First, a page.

One of "my" doulas was at a clinic the other day and she met a resident who apparently had worked with me in a hospital birthing room some months ago. The resident made two comments about me: "Rivka doesn't like me because I'm a man". And "she concentrates on the woman - we are just there as technicians to catch the baby".
I like men generally. I wonder if he could think a little deeper about
why I may have given him the cold shoulder. Was he treating my client
with disrespect? Was he reading the situation closely? Did he have the
woman's best interests at heart? Was he acting according to protocol, to
science, or to "ghost protocols" (those ones that get left over at
hospitals because they are too hard to change)? Was he working from his
heart? Did he ask my client to lie down when she was pushing perfectly
well in a squat? Was he scared?
And "she concentrates on the woman". Well, hello, that is what a doula is supposed to do. We are not there to make friends with the medical staff. I have very cordial relations with many of the nurses and physicians I work with. But I do not go into a hospital to make friends. I go into a hospital to provide my client with a safe place to give birth. That means that I make every effort to create a peaceful environment in which the woman can let go and do her work of birthing. I don't have to joke and laugh with residents. I can quietly whisper to the woman so that she is feeling good. I'm not interested in staring at her vulva as it opens. I've seen it lots of times, it is doing perfectly well, and there is no medical need for me to do so.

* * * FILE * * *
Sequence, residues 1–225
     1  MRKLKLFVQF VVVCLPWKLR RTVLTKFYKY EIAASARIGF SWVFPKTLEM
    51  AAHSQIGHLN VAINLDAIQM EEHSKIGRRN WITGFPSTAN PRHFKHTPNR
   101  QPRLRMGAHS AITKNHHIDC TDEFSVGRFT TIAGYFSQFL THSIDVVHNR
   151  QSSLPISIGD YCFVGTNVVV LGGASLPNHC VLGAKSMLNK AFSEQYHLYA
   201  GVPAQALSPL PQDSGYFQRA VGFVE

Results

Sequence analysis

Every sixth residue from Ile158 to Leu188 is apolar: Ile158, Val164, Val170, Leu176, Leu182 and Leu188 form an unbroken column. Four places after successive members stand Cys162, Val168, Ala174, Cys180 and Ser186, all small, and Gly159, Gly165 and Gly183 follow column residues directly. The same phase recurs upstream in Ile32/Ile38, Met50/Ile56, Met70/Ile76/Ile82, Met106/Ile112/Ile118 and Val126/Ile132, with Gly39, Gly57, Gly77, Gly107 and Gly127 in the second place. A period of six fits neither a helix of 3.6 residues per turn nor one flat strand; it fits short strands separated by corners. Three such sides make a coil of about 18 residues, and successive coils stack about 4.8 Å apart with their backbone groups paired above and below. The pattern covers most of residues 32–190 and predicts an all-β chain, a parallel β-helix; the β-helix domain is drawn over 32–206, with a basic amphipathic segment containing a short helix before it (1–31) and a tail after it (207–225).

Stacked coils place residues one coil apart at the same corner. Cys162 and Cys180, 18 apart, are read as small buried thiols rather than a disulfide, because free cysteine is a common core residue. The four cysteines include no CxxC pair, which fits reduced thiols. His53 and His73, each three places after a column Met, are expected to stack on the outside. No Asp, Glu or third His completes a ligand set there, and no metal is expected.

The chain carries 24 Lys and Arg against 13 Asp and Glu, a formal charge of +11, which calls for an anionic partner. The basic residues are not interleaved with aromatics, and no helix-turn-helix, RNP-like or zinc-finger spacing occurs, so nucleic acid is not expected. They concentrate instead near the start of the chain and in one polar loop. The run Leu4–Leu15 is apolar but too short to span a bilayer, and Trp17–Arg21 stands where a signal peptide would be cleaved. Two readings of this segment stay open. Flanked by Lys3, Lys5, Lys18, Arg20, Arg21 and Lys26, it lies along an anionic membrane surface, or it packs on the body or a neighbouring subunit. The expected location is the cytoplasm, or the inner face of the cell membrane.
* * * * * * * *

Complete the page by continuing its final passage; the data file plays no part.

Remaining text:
If a woman is undergoing an intervention that I do not approve of, then I will definitely put my back to the staff and direct all my love and attention to the woman. Women DO undergo unnecessary interventions in the hospital, far too often. I am not talking about women who go into the hospital with a clear plan to be induced, have an epidural, and be happy. I am talking about the HUGE number of women who actually believe they can give birth naturally in the hospital environment.
These women are often treated badly by under-experienced residents. If a woman has a small leak of amniotic fluid, that's no reason to admit her to the hospital two weeks before her EDD and then break her waters twelve hours later to stimulate labor. If a woman is happily pushing in a supported squat, there is no reason why she should lie down just because the doctor hasn't caught a baby that way. If I see a resident reaching for the amnihook, with his hand in a woman's body, I will say something. That something might be said in a gentle voice, but it probably won't be friendly. And the woman on the bed will appreciate my interference. I am not against a justified AROM. But you never insert something in a woman's vagina without telling her what you're planning on doing.
Radical doulas, we need to stand up and speak out. Women are being treated badly in our hospitals and I am ready to take a stand.
I am taking notes of occasions where my clients have been abused during labor and childbirth. Please start to take notes too and we will start to create a manifesto.
Power to the birthing woman!
I have an assortment of interesting classes, workshops and get-togethers happening at my cafe over the next few months. Here's...
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